“We support them so that they regain self-confidence. We make them understand that the exceptional courage they displayed during their military service is still within them, lurking somewhere, and we help them reconnect with this strength,” she adds.
Therapeutic activities, mentoring, professional reintegration; donations of support dogs, laptops, food or legal and/or medical assistance and so many other things: the association does its best to meet all the expectations of these former soldiers and pull them upwards.
The highlight of the program are two annual trips that Belev Echad strives to make unforgettable: a long Shabbat in Tiberias, and above all an incredible ten-day stay in New York, which marks a new beginning for these veterans.
“We want to teach them to dream big again, and New York is the perfect city for that,” says Sharon.
More than anything, these former soldiers claim to find a family within the association. While they are often confined at home, imprisoned in the vicious circle of isolation, they gradually find the will to go out to the magnificent villa made available to them by the organization. Located near Tel Aviv and including a swimming pool and gym, it quickly became their second home.
It’s a place where they can just be themselves, surrounded by people who have experienced similar traumas and who speak the same language.
“Post-trauma syndrome leads us to lie to ourselves, but also to our loved ones to protect them. We are in permanent concealment, not to mention the incomprehension we are faced with on both sides. But when we are in the association house, we talk freely about what we are going through, without fear of outside judgment,” says Allison.
Omer Levi, a reserve officer responsible for evacuating the wounded during Operation “Protective Edge” in 2014, almost lost his legs in the explosion of a mortar shell. He fought with all the physical and mental resources he had left to manage to walk again and says the association gave him what he lacked to rebuild himself and learn to live with trauma, which never really goes away.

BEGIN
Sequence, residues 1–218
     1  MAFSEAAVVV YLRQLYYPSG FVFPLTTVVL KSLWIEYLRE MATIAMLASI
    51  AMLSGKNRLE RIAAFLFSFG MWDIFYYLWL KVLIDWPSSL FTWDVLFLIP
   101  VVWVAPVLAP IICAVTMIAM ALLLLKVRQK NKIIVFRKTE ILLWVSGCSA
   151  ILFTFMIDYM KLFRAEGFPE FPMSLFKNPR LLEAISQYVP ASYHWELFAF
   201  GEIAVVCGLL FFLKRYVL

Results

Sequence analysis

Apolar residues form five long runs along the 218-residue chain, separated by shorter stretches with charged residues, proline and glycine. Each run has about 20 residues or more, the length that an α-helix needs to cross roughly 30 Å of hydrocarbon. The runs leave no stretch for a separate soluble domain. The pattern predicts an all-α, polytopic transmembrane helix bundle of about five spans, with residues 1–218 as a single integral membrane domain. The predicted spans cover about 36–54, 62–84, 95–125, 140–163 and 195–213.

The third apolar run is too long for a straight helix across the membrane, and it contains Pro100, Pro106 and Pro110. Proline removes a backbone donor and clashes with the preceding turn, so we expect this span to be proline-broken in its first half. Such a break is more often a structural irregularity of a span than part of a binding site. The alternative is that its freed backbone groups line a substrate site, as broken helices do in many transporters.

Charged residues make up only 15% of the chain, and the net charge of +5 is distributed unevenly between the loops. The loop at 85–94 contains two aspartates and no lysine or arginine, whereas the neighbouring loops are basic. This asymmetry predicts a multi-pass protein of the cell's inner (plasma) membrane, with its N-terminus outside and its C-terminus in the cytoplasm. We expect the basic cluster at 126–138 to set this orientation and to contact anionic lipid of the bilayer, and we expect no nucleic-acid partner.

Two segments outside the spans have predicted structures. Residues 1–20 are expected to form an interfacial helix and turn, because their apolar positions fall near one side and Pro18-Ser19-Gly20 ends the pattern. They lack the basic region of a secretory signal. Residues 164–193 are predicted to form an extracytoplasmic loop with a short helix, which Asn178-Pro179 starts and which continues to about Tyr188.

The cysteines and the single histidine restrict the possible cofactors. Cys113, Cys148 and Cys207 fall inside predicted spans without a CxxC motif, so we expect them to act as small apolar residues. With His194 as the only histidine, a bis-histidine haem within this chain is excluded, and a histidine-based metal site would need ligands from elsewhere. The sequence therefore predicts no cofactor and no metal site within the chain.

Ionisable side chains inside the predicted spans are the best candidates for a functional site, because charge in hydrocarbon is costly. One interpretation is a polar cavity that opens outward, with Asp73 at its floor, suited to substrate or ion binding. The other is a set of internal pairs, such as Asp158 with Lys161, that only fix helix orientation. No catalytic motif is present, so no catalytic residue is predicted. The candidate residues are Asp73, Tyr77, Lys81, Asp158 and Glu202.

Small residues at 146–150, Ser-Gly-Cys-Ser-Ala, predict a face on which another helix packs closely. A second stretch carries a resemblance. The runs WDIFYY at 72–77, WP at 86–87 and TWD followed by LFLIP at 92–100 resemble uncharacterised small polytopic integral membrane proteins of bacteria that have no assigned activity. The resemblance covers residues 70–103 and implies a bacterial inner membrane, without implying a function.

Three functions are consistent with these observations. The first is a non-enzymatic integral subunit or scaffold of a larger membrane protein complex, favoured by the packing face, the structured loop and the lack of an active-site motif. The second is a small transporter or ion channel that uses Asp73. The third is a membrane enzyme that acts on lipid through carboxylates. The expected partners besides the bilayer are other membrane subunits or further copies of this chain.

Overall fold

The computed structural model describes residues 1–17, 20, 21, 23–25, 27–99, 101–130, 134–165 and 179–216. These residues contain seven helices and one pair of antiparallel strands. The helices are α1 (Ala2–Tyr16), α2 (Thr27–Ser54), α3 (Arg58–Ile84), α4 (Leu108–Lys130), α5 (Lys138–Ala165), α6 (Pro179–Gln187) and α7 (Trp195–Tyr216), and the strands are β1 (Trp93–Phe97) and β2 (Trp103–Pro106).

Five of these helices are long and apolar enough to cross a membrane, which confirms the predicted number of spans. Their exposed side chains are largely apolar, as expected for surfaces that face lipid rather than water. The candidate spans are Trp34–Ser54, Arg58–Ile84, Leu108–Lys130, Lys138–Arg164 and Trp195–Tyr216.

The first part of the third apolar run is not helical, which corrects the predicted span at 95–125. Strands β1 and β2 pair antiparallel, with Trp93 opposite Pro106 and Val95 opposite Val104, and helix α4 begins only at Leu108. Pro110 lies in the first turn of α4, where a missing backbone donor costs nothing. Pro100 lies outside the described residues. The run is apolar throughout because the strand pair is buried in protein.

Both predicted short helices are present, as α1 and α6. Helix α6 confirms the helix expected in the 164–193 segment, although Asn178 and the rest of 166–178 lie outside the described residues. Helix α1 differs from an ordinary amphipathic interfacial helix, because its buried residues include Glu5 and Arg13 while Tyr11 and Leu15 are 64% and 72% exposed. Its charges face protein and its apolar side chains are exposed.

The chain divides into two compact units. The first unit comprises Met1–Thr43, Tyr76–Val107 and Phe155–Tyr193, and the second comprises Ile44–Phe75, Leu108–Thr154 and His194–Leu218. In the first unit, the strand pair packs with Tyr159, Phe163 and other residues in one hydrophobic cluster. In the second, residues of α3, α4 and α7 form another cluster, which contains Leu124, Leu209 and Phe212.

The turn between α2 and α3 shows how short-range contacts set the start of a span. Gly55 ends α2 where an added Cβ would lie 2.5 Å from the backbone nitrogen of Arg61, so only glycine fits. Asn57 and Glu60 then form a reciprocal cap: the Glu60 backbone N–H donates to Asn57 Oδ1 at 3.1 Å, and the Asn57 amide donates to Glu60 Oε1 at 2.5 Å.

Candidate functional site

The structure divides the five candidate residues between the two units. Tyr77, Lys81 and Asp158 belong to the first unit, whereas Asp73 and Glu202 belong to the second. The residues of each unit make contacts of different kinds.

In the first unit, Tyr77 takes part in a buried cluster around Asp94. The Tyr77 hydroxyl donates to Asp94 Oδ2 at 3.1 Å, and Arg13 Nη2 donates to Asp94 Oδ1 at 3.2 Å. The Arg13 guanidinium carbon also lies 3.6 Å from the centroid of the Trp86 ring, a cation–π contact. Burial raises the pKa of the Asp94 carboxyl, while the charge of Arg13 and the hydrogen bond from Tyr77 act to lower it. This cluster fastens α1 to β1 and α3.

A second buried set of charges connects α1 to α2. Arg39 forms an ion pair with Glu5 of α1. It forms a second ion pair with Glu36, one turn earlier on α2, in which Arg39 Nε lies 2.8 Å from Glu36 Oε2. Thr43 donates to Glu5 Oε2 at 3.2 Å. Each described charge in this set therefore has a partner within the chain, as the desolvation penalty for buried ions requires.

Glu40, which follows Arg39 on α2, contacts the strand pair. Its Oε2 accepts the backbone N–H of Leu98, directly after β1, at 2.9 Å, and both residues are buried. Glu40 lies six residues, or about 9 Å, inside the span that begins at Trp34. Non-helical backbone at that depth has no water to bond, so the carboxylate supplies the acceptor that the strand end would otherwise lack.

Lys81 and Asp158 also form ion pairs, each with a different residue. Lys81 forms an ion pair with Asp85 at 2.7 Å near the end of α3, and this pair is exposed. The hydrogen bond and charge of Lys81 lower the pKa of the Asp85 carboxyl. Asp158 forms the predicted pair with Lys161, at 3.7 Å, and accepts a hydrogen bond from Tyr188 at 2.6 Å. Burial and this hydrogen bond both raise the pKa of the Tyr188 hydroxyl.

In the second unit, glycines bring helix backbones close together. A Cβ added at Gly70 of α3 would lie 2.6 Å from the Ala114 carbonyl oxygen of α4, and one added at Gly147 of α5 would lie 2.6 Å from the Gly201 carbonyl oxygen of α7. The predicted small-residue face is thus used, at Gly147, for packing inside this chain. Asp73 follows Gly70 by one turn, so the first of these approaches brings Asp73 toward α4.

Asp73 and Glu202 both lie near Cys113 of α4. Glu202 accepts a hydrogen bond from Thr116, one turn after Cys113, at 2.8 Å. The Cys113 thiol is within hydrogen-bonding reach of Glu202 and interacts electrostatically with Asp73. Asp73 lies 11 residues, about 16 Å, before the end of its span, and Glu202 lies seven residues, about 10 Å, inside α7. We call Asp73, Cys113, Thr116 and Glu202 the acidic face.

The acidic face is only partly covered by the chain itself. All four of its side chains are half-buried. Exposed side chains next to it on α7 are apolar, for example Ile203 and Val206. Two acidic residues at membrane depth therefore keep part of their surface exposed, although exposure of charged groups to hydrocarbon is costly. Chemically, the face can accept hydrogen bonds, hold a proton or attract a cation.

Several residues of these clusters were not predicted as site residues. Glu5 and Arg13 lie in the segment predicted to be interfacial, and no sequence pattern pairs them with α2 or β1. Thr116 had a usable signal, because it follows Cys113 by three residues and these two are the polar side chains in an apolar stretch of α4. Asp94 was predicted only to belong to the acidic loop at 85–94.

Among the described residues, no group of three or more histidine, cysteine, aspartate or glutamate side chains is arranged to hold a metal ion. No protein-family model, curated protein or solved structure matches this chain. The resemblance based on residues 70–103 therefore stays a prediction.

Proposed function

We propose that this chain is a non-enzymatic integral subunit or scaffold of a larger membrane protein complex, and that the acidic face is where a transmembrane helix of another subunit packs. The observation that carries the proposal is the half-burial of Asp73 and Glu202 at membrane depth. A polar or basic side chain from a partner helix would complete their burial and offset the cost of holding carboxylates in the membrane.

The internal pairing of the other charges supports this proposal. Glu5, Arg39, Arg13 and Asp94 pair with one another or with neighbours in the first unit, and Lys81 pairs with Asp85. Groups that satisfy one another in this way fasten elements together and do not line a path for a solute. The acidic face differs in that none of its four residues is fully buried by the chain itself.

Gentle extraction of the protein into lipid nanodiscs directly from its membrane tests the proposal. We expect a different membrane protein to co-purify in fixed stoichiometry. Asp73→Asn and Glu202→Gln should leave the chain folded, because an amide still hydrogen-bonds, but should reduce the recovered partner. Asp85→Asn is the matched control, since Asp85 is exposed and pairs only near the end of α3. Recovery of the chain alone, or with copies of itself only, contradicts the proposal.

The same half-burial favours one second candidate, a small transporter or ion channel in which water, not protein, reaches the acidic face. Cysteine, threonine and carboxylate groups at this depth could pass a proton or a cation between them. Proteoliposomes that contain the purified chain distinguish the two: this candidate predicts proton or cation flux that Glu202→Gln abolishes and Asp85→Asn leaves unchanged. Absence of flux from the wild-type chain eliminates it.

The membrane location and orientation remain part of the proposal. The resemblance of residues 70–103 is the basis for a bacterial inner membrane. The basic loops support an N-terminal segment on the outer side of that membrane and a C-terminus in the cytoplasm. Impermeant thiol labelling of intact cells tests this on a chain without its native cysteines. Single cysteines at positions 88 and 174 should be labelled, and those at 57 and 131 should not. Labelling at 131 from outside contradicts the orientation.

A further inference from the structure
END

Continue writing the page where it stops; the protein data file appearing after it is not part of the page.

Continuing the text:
Same thing is true for Or Porat.
“The association gave me the tools to appreciate life again and move forward. Today, I have the merit of being able to accompany the soldiers in Belev Echad, to show them that there is light at the end of the tunnel”, he shares.
This former soldier of the elite Duvdevan unit, seriously injured in an operation after joining the Shin Bet forces, is one of the mentors who oversee the veterans. Raz Budani, who was at rock bottom before meeting Belev Echad, has since found a purpose, a reason to get up in the morning and cling to life. Eager to give back, and claiming “that by helping others, he is helping himself to heal,” the fighter took on the co-direction of the program in Israel.
Unfortunately, it took a tragedy like that of Itzik Saidian, an IDF veteran suffering from post-traumatic stress whose despair was ignored and who set himself on fire in 2021, for greater attention to be paid to this issue. Now the state is finally taking serious measures. An absolute emergency, when two more ex-soldiers committed suicide last month.
As the founders and leaders of Belev Echad point out, these young men and young women are marked for life - physically and psychologically - for having committed themselves on the front line, with love and devotion, to the defense of their country. In doing so, they helped to guarantee the existence and sustainability of Israel. This association therefore affirms it: taking care of these former soldiers, by giving them back a little of what they gave, is the responsibility of the entire Jewish people.